Hili: That’s unethical.
You can read about the book (in Polish, but Google will translate) here.
In Polish:
Ja: Hili, przyszły książki ze zdjęciami Kulki!
Hili: To nie jest etyczne.

From Don, a modern Thanksgiving Dinner by Roz Chast:

From Facebook:

From On the Prowl Cat Cartoons:

This is not a joke, as it really comes from the Women’s March website.  Apparently they’re ashamed that they didn’t mention colonization and genocide when bringing up the average contribution of $14.92 (the year that Columbus “discovered” America).

Reader Jeremy, who sent me the link, says “I’m not sure if it was intended as satire or was serious, but the replies rip into it mercilessly and many are very funny.”  It wasn’t satire.Jeremy adds, “Of course, 1492 was not a year of colonisation and genocide in North America, at least not by Europeans. It was, however, a year in which all the Jews in Spain and Portugal were made to convert to Christianity or be expelled.”

Nope not satire, for that would be in bad taste for this woke organization. The Woke lack humor, anyway.

More conjuring with numbers, this time from Titania, who makes fun of the tweet above:

From Paul, who says that Kyle Rittenhouse is on a “hero tour”. Here he is with Trump at Mar-a-Lago. Nobody ever said that Rittenhouse was a fricking saint! He was a jerk who was found not guilty of murder.

More mockery, this time unearthed by Luana:

From Barry. But don’t fill up a wine glass that much!

From Ginger K.:

Tweets from Matthew. An appropriately Japanese Christmas tree:

Stand back!!

52 thoughts on “Thursday: Hili dialogue

  1. Here’s Norman Rockwell’s painting of Thanksgiving dinner; it’s part of his “Four Freedoms” series, and this one is “Freedom from Want“ …

    The paintings are Rockwell’s, of course, but the “four freedoms” themselves come from FDR’s 1941 State of the Union Address (then known as the “Annual Message to Congress”), given shortly before his third inauguration.

    1. Freedom of religion and speech are the easy ones. But harder to recall, freedom from fear and freedom from want. These can only be accomplished when they put an end to arming nations against each other. World War One had proven useless. This is why Roosevelt came up with the policy of unconditional surrender in WWII. Brings up another old saying – those who choose to ignore history and condemned to repeat it.

      1. Freedom of religion and speech are easy ones.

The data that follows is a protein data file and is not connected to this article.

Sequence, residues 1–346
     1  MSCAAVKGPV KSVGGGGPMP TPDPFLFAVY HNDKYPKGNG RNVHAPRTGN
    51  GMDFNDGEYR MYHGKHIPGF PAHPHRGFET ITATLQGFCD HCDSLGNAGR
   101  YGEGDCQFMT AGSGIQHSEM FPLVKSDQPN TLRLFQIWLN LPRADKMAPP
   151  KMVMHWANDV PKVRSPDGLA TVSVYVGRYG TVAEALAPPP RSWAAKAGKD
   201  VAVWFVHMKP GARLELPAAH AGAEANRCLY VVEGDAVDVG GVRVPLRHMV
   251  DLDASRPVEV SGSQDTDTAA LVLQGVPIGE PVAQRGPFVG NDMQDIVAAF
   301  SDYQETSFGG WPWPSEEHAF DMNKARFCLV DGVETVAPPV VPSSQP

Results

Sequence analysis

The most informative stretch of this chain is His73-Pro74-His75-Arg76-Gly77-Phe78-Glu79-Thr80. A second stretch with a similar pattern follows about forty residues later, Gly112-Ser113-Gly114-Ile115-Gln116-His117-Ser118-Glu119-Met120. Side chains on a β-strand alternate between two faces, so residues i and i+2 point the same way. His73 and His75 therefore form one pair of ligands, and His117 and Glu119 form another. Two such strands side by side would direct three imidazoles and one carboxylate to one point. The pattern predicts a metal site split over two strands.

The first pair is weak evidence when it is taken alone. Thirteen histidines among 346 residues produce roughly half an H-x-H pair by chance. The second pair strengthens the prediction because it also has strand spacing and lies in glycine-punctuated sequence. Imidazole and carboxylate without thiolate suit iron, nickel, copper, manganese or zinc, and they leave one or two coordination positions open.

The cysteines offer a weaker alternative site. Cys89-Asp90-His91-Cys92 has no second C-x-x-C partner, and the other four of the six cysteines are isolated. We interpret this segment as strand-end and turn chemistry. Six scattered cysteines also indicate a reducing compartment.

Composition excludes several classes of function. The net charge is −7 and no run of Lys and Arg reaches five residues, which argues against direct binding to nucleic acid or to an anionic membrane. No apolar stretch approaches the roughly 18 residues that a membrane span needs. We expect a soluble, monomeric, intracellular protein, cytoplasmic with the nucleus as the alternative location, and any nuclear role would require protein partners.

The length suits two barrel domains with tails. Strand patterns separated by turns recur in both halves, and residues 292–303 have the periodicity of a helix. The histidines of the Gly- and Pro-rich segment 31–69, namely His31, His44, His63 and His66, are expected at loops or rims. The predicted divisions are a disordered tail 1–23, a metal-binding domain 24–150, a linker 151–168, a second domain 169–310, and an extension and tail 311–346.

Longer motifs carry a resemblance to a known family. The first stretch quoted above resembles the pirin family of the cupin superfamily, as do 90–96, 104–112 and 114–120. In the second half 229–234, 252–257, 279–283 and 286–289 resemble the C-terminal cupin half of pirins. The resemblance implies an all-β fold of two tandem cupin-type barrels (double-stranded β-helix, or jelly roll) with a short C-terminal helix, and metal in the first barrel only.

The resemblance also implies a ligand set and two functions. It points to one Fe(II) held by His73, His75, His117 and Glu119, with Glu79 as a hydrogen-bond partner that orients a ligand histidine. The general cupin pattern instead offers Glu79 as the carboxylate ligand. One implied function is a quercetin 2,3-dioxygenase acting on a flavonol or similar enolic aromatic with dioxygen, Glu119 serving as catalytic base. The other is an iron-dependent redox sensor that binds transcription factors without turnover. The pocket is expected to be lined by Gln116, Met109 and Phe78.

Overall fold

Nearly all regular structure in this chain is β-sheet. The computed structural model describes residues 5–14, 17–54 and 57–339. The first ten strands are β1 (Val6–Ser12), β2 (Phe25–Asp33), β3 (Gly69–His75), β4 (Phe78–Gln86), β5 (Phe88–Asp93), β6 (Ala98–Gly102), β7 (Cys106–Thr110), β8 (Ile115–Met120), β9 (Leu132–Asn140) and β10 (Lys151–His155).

So said the westerner to ex Muslim fleeing Islamist theocracy.
        Spoken truly like the privileged woke he is.

  2. And happy100th birthday to George’Johnnie’ Johnson who was in the RAF 617 squadron & part of the Dambuster raid in 1943 -https://mobile.twitter.com/jonnycrackers82/status/1463762006385831937

  3. I offer today’s annual True Meaning of Thanksgiving entry – and I quote :

    “[Virginia Thanksgiving Festival at Berkeley Plantation ]
    This annual tradition dates back to December 4, 1619 when Captain John Woodlief and his crew of 35 men landed on the shores of the James River at what was to become Berkeley Plantation. Upon landing, in accordance with orders from London, the Englishmen proclaimed: “We ordain that the day of our ship’s arrival, at the place assigned for plantation, in the land of Virginia shall be yearly and perpetually kept holy as a day of thanksgiving to Almighty God”. Thus began the American tradition of Thanksgiving!
    […]
    Buses – $30.00
    Cars – $20.00
    Bikes – $5.00
    [ end quote] ”
    Source :

    https://virginiathanksgivingfestival.com/

    … only five bucks! I can use the other $15 to buy a coat so I don’t freeze!

    So there you go : when in doubt, you can just claim what you want to be true and CHARGE THE CYCLISTS for it. Truthsgiving!

  4. There are some who argue that Youtube chose to hide ‘dislikes’ because of the relentless criticism of Biden and Harris. If this is true then Youtube are partisan… imagine what the response would have been to removing ‘dislikes’ for Trump and Pence.

    1. Now how interesting would an “average donation” of nine dollars and eleven cents be, right before a major Islamic celebration.

  5. 1947 – Red Scare: The “Hollywood Ten” are blacklisted by Hollywood movie studios.

    One of those blacklisted writers, Dalton Trumbo, is something of a personal hero of mine. He had brains, balls, a great sense of humor, and exceptional writing talent (in addition to his numerous screenplays — some written under his own name and some, including a pair of Oscar-winners, written under the name of so-called “fronts” during the blacklist era — he wrote the great post-WWI antiwar novel Johnny Got His Gun and was a prolific and wonderful letter writer). He was also a loyal and generous (if sometimes cantankerous) friend as well as a great family man.

    Dalton Trumbo was the subject of an excellent 2007 documentary (which you can watch for free on YouTube here) and a 2015 feature film (with Bryan Cranston in the lead role), both entitled simply Trumbo.

  6. 1986 – Iran–Contra affair: U.S. Attorney General Edwin Meese announces that profits from covert weapons sales to Iran were illegally diverted to the anti-communist Contra rebels in Nicaragua.

    Not long afterward, Meese himself was forced to resign as AG, and barely escaped indictment, for his role in the Wedtech scandal.

    1. And just to finish off the story of Meese – guess who gives him the Presidential Medal of Freedom? Freedom to be the best crook you can be.

  7. The photo [of Elian Gonzales and the armed Border Patrol Agent} , by Alan Diaz, won the 2001 Pulitzer Prize for Breaking News …

    That photo also likely cost Al Gore the 2000 presidential election (along with the butterfly ballots in Palm Beach County, those goddam chads, Ralph Nader, an unprincipled SCOTUS decision, and Gore’s own lackluster campaign).